The base.



Added a lot of material to reinforce the shroud and to attempt to tame the asymmetric design of the heatsink. Even the deep center pockets of the heatsink (used to insert a long screwdriver down to attach the heatsink to the MB) are not symmetric as I had assumed. I had to widen the structure by 1/4" to offset my assumption.



There are three parts to the case. The base, the heatsink shroud and the shell. This is the beginning of the shell construction.



The "lid" to the shroud switches roles and becomes the anchor to the shell structure.







The trinity.



The shell is actually constructed around the shroud. No reason to take any measurements. The result is a zero tolerance fit.





The shell is almost ready for its sheathing.



Demonstration of how the parts fit togther.





slipperyskip

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Re: Ayr - 2013
« Reply #9 on: August 09, 2014, 11:12:10 AM »

Cut sheets of plywood with a considerable margin all around.




I'm using 1/32" (.8 mm) aircraft grade birch plywood. Crazy expensive. Having equipment sponsors allows me to invest my own money in quality materials and tools and I'm very grateful for that.

 


All four sides glued up. Drying time was about 12 hours in total. Trimmed up the side edges but left the top and bottom edges for later.




Upside down shot that highlights the bottom vent system. There is a 1/4" gap all around the base of the enclosure that can only be seen from this vantage point.







I/O plate frame version 3.0. The space to the right of the plate will be the mounting spot for the DC power plug and power switch.





Some inside framing shots. Easy to see the rough un-trimmed edges around the bottom.




slipperyskip

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Re: Ayr - 2013
« Reply #10 on: August 09, 2014, 11:13:06 AM »
Still scratching your head? Maybe this will help....


I call this photo "One of Four".




Each opening will take aprox. 2-3 hours to make.


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Re: Ayr - 2013
« Reply #11 on: August 09, 2014, 11:14:32 AM »
This is a milestone in the project. I wanted to get it to a "rolling chassis" as they say. Something that works but is devoid of decoration. This allows me to "squint" at it a while and maybe see what direction it should go.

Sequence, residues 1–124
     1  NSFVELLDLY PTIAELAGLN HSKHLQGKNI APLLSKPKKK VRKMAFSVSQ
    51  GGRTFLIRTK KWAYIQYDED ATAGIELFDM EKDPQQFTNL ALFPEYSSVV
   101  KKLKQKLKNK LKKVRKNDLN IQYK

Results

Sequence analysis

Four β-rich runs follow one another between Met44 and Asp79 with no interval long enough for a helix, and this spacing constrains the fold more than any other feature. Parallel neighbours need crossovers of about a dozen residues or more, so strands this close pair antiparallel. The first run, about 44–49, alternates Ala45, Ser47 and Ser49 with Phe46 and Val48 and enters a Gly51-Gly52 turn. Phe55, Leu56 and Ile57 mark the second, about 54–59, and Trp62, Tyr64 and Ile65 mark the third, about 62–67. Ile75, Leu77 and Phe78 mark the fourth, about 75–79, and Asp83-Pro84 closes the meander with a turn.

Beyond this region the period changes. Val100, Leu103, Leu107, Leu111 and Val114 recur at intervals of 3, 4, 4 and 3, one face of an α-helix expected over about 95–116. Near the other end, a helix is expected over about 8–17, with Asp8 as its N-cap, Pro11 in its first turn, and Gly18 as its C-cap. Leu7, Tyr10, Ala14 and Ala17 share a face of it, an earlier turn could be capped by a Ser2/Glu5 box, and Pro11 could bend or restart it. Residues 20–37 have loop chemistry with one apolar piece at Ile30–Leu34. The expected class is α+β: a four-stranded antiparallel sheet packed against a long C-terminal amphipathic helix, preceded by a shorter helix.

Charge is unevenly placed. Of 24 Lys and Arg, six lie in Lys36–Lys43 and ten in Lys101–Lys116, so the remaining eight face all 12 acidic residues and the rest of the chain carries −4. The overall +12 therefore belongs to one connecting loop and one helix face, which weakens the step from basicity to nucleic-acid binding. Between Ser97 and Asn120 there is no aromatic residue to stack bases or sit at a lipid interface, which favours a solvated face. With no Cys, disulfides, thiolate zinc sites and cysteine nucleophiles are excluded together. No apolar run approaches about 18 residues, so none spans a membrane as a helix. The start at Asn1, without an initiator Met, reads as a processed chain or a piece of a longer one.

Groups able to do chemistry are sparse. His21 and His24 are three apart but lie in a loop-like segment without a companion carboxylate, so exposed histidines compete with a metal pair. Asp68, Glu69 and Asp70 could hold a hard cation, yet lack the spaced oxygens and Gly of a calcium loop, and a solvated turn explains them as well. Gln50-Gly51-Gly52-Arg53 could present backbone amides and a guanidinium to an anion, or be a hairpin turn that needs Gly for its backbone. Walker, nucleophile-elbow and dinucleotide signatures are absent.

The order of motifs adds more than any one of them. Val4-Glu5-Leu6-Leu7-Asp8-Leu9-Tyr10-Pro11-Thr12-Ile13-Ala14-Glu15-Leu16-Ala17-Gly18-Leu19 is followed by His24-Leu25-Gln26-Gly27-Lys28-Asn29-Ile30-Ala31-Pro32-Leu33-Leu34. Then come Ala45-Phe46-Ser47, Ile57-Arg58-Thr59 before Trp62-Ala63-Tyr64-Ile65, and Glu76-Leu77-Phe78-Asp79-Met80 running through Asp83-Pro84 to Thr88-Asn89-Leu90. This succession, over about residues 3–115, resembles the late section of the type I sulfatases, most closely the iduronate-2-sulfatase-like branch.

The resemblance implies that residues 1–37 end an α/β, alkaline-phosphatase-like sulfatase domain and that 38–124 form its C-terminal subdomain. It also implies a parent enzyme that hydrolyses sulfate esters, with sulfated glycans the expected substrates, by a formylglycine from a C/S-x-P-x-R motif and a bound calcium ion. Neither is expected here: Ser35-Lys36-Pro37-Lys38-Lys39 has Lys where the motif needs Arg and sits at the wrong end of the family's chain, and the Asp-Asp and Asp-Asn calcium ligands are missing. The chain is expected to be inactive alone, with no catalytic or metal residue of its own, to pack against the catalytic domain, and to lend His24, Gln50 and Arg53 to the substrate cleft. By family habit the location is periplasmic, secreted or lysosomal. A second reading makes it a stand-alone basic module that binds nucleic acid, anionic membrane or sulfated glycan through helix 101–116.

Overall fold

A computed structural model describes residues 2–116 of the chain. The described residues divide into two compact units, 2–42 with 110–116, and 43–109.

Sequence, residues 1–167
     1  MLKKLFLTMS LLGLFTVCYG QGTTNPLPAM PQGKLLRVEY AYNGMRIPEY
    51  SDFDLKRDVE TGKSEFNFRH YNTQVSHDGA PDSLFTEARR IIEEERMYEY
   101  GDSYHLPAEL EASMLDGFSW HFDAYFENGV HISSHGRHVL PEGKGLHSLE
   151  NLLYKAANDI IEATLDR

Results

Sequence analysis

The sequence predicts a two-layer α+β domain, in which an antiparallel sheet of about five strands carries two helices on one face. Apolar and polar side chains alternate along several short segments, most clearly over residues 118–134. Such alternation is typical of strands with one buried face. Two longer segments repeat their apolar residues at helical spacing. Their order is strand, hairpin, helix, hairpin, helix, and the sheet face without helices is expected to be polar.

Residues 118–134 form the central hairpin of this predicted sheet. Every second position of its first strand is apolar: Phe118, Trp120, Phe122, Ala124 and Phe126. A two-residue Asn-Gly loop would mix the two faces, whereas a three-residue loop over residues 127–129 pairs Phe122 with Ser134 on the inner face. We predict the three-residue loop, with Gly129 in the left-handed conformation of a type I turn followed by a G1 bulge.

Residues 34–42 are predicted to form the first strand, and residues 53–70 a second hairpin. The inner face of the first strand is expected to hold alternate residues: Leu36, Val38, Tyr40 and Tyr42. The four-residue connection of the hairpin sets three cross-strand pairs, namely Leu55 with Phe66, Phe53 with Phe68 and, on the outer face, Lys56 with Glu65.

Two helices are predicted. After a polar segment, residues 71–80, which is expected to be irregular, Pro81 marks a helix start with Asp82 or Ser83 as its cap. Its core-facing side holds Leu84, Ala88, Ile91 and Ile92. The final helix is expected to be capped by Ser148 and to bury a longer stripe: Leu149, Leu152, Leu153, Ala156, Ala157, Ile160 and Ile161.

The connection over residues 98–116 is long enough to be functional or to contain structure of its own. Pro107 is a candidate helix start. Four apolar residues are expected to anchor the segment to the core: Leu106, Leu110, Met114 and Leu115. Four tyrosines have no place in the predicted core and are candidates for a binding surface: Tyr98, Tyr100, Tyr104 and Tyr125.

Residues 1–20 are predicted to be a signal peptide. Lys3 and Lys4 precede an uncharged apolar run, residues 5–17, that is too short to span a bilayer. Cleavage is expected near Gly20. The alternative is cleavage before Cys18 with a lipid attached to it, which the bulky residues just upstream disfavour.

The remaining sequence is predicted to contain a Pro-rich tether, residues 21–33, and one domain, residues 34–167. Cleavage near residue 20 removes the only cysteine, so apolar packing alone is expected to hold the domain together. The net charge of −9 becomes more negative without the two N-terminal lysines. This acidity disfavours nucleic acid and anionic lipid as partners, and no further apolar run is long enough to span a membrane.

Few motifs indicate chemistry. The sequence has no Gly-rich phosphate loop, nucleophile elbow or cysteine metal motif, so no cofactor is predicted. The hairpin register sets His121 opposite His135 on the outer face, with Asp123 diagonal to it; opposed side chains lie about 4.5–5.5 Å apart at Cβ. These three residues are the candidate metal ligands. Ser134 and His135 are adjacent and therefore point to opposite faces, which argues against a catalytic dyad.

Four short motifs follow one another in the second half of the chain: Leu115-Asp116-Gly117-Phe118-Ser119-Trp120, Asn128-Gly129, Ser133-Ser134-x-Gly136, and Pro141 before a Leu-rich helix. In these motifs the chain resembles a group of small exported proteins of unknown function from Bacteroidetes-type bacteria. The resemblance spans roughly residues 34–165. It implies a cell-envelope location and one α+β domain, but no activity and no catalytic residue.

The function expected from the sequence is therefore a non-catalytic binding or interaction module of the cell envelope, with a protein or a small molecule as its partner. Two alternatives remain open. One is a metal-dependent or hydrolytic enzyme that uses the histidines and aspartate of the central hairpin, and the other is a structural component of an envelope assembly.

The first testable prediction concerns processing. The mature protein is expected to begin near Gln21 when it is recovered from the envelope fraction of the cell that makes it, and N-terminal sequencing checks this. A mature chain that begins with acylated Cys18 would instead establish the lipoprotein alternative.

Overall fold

What to do with the top is the biggest mystery. I want to go big but no one idea is talking to me at the moment.



Yes. It looks like a small space heater. I'm not sure it could come out looking any different considering what I'm attempting.






The biggest issue (so far) is the ugliness around the control panel hole. I need to work on this. Interesting internal view of the lower vent system.



I'm thinking aluminum shroud, mahogany shell, flat black base and a chrome center tube. Probably a matching chrome tube for the back or even a lit-up acrylic rod for a subtle lighting feature.



slipperyskip

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Re: Ayr - 2013
« Reply #12 on: August 09, 2014, 11:19:40 AM »

Playing around with a domed roof look. I like the idea of adding a curve to the design. The "roof" is a piece of scrap plywood that doesn't extend all the way to the back but good enough to see what's what. Note also the interior shot showing how the corner columns open up to the heatsink.




SSD mounting and placement.




Finally got around to starting it up for the first time. I decided to run the basic (free) 3DMark11 benchmark and scored what you see here. It probably sucks but I only wanted to stress the system with it.




Screenshot of HWMonitor after running the above test. The heatsink got fairly warm to the touch but I wouldn't call it hot.

In addition to the above I played a video on Hulu and a 720p .mkv file. The heatsink was only slightly warm to the touch...I think...I wasn't really sure.


slipperyskip

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Re: Ayr - 2013
« Reply #13 on: August 09, 2014, 11:20:57 AM »
I've gotten mixed reactions to the domed roof idea. It will happen because I'm doing it in a way that makes it removable. I''l toss it if it turns out ugly.

Spent the last two days doing some preliminary veneering.


My veneering station...alfresco.




Doesn't look like 10 hours of work does it?  22 pieces of mahogany veneer cut, glued, clamped and trimmed.




Upside down photo to show that I apply veneer to surfaces that will never be seen...unless you turn it upside down of course. :)


slipperyskip

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Re: Ayr - 2013
« Reply #14 on: August 09, 2014, 11:22:14 AM »
Control panel construction and assembly...
 







First step in my aluminization alchemy process. Turning wood into aluminum is a long, labor intensive process and can get you burned at the stake. :)



Veneered the back of the piece and test fit the two parts together. The mahogany is still raw and unfinished.   



The aluminum still has a rough woodgrain look to it but the process has barely started.